Free speech in the US

By | January 17, 2008

More on democracy…from today’s NYT

“CHOTEAU, Mont. — School authorities’ cancellation of a talk that a Nobel laureate climate researcher was to have given to high school students has deeply divided this small farming and ranching town at the base of the east side of the Rocky Mountains.

The scholar, Steven W. Running, a professor of ecology at the University of Montana, was scheduled to speak to about 130 students here last Thursday about his career and the global changes occurring because of the earth’s warming.

Dr. Running was a lead author of a global warming report by the Intergovernmental Panel on Climate Change, the 400-member United Nations body that shared last year’s Nobel Peace Prize with former Vice President Al Gore. But when some residents complained that his presentation here would be one-sided because no opposing view would be offered, the superintendent of Choteau School District No. 1, Kevin St. John, canceled it.

What a wonderful country. Meanwhile the mudslinging gets going in South Carolina. Now they’re saying that McCain sold out his fellow POWs in Vietnam. Our little FG/FF spats are nothing…

5 thoughts on “Free speech in the US

  1. EWI

    because no opposing view would be offered

    I guess we should be relieved that there’s no mandatory appearance by the Flat-Earth Society when astronomy talks are given… as much as Pope Benny! may wish it.

  2. Tom N

    Unfair comment. There are at least two reasonable opposing views (and dozens of looney ones)

    1. That Global Warming is only partly caused by human activity. (I don’t subscribe to this, but have heard amazingly convincing arguments from some academics.)

    2. With China & India’s new economic wealth comes huge increases in consumption in carbon based fuel. So we are all srewed so we might as well enjoy it while we have it. We should do our bit, but if that’s not good enough to save us, then we can’t say that it was our fault. The collective will must include these countries as well as the USA and all major countries. Signing Kyoto won’t even work as it is too drastic and unachievable. It must be punitive and enforced on every single person on earth. Even at that would life be worth living? If they paid my flight and accomodation, I would have drawn up a good alternative.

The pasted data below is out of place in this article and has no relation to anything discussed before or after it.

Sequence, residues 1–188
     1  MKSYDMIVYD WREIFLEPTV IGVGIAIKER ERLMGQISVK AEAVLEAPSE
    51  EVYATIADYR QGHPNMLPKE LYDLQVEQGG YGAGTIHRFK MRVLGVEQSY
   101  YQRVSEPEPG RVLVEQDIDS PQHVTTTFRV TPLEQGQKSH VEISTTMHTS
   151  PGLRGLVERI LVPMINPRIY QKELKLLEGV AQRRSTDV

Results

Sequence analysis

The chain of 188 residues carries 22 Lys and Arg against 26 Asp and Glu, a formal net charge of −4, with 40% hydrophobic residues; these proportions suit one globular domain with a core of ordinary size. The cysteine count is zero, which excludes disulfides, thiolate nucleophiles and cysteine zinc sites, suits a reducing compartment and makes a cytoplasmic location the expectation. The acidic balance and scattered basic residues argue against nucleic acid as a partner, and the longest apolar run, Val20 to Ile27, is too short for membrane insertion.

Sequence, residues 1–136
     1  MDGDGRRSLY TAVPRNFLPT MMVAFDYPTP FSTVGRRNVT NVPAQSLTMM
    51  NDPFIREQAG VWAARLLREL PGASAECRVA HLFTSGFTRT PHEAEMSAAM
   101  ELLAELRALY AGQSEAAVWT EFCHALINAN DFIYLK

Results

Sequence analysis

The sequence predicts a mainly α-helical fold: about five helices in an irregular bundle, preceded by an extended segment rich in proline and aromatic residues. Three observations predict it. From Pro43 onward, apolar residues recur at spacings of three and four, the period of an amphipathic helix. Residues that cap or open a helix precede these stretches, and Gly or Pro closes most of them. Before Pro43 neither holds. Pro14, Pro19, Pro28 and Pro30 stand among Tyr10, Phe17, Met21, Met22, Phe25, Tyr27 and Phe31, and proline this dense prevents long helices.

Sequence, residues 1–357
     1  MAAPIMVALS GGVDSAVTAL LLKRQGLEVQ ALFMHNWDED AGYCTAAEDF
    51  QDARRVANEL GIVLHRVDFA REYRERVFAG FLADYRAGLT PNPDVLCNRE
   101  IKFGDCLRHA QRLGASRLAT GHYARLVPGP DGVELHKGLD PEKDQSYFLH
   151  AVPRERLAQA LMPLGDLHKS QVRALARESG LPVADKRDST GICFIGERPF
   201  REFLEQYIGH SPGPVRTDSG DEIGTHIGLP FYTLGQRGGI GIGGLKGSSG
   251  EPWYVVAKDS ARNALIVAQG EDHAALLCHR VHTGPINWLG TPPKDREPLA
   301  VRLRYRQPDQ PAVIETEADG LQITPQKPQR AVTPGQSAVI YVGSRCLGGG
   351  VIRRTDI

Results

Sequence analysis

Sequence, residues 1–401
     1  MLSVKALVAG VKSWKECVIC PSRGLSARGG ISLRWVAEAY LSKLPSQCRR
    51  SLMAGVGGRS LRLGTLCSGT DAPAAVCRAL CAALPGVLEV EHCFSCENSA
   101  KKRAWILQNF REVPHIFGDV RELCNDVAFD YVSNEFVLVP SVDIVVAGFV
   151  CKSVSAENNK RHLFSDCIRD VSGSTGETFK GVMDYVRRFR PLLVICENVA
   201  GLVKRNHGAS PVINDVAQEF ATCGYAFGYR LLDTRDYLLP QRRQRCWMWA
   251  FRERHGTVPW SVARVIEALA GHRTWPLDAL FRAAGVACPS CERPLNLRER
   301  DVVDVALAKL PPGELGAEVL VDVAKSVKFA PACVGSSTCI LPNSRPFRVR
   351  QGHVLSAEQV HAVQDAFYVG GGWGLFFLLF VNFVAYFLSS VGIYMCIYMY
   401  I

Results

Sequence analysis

Back to the question at hand. Yes he should have been allowed to speak. But I have been shot down for making point no 2. Hope we don’t get a load of anti-american rubbish on this thread.

  3. EWI

    Unfair comment.

    I disagree. When some supposedly reputable papers such as the Sunday Business Post let charlatans write global-warming denialist crap (and in this I include the oh-so-convenient “well, we’re screwed anyway” bollocks) then no quarter should be given to lobbyist stooges and cranks.

    With China & India’s new economic wealth comes huge increases in consumption in carbon based fuel. So we are all srewed so we might as well enjoy it while we have it. We should do our bit, but if that’s not good enough to save us, then we can’t say that it was our fault.

    The Chinese *are* taking this seriously, they’re hobbled by the same corruption of politics by big money that bedevils western efforts, but they are doing it.

    http://observer.guardian.co.uk/business/story/0,6903,1635188,00.html

  4. EashtGalwayWoman

    Sarah, somewhat off topic but…check out HBOs documentary Friends of God by Alexandra Pelosi (she made Travels with George). It will help you immensely with the upcoming primaries in the South.

  5. jmcconnell

    “Nobel laureate climate researcher”??

    Since when did the Nobel committee give out prizes in forestry?

    When the paleo-climatologists (the scientists that actually study climate change over geological time scales) start taking anthropogenic climate change seriously then I will.

    Until then it is all just trendy pseudo-science. Just like all the Club of Rome crap back in the 1970’s.

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